DHHS investigates Children's Hospital administrative concerns

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OMAHA, Neb. (WOWT) -- The Nebraska Department of Health and Human Services, investigating complaints of regulatory violations at Children's Hospital in December, said Wednesday it found no evidence of such.

"These sorts of visits are standard procedure whenever DHHS receives a complaint," according to a response from the Children's Hospital board of directors. "While this investigation relates to ongoing litigation, please note that it was conducted and concluded prior to the lawsuit being filed."

A letter from DHHS to Dr. Richard Azizkhan, president and CEO of Children's Hospital & Medical Center, outlined three complaints:

1. That the hospital failed to ensure staff physicians provided quality medical care to patients.

2. That the hospital failed to take appropriate action when a physician fails to adhere to medical staff bylaws, regulations, and rules.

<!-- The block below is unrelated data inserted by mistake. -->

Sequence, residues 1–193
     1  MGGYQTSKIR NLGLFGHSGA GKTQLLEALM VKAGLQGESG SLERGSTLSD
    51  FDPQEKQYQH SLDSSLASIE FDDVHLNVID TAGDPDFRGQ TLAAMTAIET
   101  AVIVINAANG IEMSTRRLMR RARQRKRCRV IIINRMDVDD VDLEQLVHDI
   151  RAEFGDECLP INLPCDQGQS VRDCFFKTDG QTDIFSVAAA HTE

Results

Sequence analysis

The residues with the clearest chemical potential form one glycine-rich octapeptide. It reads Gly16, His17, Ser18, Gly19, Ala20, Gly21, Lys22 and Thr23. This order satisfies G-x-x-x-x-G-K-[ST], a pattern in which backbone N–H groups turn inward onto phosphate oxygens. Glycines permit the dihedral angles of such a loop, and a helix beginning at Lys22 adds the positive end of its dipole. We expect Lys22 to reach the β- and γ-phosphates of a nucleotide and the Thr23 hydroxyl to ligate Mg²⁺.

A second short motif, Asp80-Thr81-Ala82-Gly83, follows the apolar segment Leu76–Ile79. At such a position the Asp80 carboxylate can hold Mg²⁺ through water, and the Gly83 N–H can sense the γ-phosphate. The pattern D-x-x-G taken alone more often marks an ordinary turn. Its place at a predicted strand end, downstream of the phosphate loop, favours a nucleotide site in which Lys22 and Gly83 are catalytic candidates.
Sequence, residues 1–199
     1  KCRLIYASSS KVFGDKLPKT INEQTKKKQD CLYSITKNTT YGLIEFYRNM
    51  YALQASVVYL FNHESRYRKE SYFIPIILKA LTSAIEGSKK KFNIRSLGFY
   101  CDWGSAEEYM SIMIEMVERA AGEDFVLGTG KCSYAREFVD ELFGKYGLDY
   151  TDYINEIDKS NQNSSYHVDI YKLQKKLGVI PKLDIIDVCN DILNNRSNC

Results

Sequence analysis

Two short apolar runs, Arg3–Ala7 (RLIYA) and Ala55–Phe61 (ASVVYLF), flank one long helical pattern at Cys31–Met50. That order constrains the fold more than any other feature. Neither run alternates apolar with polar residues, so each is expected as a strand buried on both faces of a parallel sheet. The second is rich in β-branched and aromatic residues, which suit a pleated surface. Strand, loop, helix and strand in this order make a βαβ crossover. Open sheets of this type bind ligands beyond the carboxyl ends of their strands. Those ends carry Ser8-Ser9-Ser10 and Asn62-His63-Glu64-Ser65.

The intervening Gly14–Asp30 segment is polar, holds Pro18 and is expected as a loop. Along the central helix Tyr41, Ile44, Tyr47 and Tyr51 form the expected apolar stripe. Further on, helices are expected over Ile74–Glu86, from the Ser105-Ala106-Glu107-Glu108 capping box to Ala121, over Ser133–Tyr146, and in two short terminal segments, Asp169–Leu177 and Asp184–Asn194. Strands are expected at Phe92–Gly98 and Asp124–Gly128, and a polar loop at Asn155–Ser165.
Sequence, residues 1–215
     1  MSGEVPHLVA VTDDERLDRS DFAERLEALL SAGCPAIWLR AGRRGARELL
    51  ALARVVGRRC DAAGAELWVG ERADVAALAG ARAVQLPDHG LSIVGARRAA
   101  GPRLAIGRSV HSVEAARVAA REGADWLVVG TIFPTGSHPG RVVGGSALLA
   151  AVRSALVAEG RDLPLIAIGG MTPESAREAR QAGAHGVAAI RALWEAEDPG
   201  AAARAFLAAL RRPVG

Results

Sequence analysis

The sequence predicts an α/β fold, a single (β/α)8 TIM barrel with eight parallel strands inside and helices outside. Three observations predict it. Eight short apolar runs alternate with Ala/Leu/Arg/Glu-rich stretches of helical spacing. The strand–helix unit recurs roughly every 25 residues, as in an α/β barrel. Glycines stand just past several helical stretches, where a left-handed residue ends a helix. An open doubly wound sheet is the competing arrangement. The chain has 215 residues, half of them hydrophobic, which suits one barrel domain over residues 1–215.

3. That the hospital's board failed to ensure medical staff privileges were granted in accordance with medical staff bylaws and included review of the physician's character, competence, training, experience, and judgment.

The letter, issued Wednesday, states that between Dec. 27, 2018, and Jan. 3, 2019, DHHS reviewed medical staff meeting minutes, board meeting minutes, physician credentials, peer review reports, and medical staff bylaws during the course of its investigation. It also interviewed Azizkhan as well as Children's chief medical officer, Dr. Christopher Maloney.

"None of these allegations were substantiated," the letter states.

The investigation ended hours before a 6 On Your Side report revealed that 10 of the hospital's surgeons had resigned with concerns over patient care.

The board response also stated that it is "engaging experts from The Greeley Company to conduct an independent review of Children's policies and the application of those policies in the areas of quality of care and patient safety."

That review is expected to take place over the next few months, the board response states.